Kev reviews the first season of The Monkees – The show that introduced the world to Mike, Davy, Micky and Peter who would go on to become the greatest, manufactured boy band in history.
For nearly 40 years The Monkees have been a staple part of pop culture – a phenomenal group who had achieved so much popularity throughout two television series, a movie and a number of diverse and unforgettable songs in the space of three years (1966-1969) until their first official split. Of course to this day they still continue to perform, whether it be solo efforts or reunions that seem to occur every ten years or so. The band have a rich history, full of good and bad times and as such this probably isn’t the best place for me to go on and on about their lives.
So to set up their TV debut.
Davy Jones, Micky Dolenz, Peter Tork and Michael Nesmith were recruited to star in a television series that would focus on the lives of a struggling band that lived together and got up to all kinds of crazy adventures. This move was largely inspired after the incredible success of The Beatles with their feature A Hard Day’s Night, who were hot property in both England and America. The project was the creation of Bob Rafelson and Bert Schneider who claimed that the concept was boiled in their heads in 1962 and it wasn’t until The Beatles‘ breakthrough film that anyone would listen to them.
The most important part of the show was to pick four charismatic young guys who each had a different personality and yet maintained a true friendship within their group. Picking out each individual is a simple task and one that would see each member take on specific roles throughout both series. The formula used for this series would later repeat itself in many others television shows, which has now turned a once unique concept into something of a cliché itself over time.
After the raw pilot had been filmed two songwriters by the name of Tommy Boyce and Bobby Hart were contracted by the producers of the show to come up with the music that would play out to the ‘mythical’ group’s “romps”. Davy, Micky, Peter and Michael were already experienced musicians in one way or another, despite initial ignorant claims that they did not play their own instruments (granted Davey would have to prove himself later as the band’s success grew and for the time being he was dancer/tambourine extraordinaire) and could not be taken seriously as a band. It would be after their success on television that the group would scale new heights and begin tours that would prove critics wrong, launching them into the hearts of millions and gaining a following that hadn’t been seen since the rise of The Beatles.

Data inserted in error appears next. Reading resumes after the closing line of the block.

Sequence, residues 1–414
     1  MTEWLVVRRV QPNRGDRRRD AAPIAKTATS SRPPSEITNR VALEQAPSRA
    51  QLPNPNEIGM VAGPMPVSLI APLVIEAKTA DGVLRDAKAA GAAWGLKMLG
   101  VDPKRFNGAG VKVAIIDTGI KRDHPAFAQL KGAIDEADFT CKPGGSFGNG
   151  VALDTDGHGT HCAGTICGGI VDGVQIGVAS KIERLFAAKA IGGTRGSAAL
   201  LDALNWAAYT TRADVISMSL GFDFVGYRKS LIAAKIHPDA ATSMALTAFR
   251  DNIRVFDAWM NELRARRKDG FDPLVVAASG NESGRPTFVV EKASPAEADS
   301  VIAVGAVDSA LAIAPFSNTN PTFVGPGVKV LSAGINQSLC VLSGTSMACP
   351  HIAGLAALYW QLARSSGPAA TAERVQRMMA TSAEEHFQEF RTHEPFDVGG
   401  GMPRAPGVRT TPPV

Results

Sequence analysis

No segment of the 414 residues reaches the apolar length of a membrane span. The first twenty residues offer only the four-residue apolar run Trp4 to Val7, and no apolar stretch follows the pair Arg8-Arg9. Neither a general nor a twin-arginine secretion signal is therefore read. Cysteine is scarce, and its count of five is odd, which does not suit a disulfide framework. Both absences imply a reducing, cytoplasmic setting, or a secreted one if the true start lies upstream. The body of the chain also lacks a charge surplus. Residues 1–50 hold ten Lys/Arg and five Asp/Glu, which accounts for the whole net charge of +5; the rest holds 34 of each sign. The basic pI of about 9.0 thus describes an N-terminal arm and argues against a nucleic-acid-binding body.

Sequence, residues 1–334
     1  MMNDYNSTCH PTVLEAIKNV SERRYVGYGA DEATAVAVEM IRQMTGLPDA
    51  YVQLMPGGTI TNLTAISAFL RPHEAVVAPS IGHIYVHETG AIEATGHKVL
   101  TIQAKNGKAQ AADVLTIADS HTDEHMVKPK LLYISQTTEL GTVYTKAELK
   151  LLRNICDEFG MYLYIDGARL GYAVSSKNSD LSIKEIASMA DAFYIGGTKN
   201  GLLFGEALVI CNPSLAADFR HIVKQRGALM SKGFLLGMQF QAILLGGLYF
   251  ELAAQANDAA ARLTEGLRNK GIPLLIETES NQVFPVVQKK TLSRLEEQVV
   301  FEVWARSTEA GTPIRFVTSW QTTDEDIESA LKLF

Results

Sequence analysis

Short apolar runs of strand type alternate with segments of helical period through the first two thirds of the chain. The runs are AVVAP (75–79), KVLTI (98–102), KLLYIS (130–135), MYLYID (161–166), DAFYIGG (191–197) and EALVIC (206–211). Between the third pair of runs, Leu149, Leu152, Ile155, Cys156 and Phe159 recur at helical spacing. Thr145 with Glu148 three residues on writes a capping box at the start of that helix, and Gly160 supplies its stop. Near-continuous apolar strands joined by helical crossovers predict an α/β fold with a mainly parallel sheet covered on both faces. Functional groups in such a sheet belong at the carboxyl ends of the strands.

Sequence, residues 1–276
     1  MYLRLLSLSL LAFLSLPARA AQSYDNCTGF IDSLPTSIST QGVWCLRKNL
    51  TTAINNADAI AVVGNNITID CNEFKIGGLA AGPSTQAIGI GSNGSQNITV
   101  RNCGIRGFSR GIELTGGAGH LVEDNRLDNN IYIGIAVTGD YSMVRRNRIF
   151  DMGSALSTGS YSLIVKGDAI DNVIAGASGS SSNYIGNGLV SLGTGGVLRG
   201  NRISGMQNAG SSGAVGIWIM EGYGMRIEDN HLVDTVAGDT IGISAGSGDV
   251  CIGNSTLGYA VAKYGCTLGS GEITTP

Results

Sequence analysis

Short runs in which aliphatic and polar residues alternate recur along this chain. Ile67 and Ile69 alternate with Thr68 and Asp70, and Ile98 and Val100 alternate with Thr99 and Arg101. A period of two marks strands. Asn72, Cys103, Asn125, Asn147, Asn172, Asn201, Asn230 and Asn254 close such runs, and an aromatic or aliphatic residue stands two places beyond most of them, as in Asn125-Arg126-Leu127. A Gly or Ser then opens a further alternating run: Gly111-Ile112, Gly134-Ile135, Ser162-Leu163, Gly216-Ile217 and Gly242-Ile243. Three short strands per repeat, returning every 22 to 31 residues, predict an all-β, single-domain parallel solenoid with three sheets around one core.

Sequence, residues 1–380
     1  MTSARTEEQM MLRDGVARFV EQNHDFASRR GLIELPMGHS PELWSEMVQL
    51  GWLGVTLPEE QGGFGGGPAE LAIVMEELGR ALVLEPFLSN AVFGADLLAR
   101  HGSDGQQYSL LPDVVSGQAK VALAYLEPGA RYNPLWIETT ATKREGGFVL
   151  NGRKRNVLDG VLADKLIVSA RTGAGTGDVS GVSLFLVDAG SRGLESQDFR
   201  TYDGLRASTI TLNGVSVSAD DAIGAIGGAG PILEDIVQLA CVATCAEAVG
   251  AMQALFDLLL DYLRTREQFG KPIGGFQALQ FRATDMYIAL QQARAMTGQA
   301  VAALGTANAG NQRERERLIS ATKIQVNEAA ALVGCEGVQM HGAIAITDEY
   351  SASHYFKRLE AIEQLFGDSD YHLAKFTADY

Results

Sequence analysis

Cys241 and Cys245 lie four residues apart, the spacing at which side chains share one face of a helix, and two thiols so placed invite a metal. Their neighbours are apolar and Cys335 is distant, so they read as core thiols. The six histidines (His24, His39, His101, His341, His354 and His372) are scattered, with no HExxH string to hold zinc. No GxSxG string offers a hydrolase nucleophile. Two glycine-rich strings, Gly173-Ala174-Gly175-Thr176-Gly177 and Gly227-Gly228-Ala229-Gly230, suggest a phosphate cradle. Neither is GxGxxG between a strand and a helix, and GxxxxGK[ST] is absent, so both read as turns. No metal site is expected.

Former horse jockey Davy Jones took up acting at a young age, already having appeared in “Coronation Street” and Broadway musicals by the age of twenty. Naturally he was brought on board and billed as the pretty boy of the group; he certainly lived up to his reputation and overnight became the fantasy of many a young girl’s dream. Though not the most accomplished musician he lent his talents to the group in other areas with a fine voice and a great love of dancing. Of course the main thing that troubled the series was that each week Davy would quite easily fall in love with a different girl. It became quickly apparent that the formula grew tiring as the series went on and so newer storylines would be written in.
Micky Dolenz, quite possibly the most insane member of The Monkees came on board with prior acting experience, having starred in Circus Boy as a child in the 50’s. At the time of joining The Monkees at age twenty he clearly showed an amazing talent for physical comedy and improvisation. As such Micky plays the clown and steals too many moments to count. When he’s not doing hilariously awful James Cagney impressions he’s being a mad scientist or coming up with the worst of ideas. As a singer his voice is the most unique and when given the chance he can easily rival the likes of those who inspired him. James Brown eat your heart own when Mickey sings “Goin’ Down” and then “Daily Nightly”. Of course “Last Train to Clarksville” and “(I’m not your) Steppin’ Stone” are now firmly cemented as being songs of his that wouldn’t sound as good had anyone else covered them.
Bob Rafelson had found 24-year-old Peter Tork working as a dishwasher when he was recommended to him by an unsuccessful Monkee applicant. The struggling musician was brought in to play the gentle and quiet member who is naïve and not quite as dumb as is suggested. Largely he is the foil, he’s the guy that gets the gang into trouble but retains the most loveable and innocent qualities.
Michael Nesmith is regarded as the group’s leader. He’s reserved, calm and keeps the band together. Arguably he’s the best song writer, with a leaning toward country pop and with classic songs like “I don’t think you know me at all”, “you just may be the one”, “The kind of girl I could Love” and “What am I doing Hangin’ Round?” to which he was selected to perform as lead singer then there’s little to argue with his overall talents. And then there was the hat. Who can dismiss the memorable, green wool hat that would earn him the nickname of “Wool hat”, which he tried so hard to shake off. By season two the hat would be used considerably less in favour of huge shades but it is part of Michael’s character and a quirky one at that which has remained a lovable quality within the show, even if he himself grew tired of it.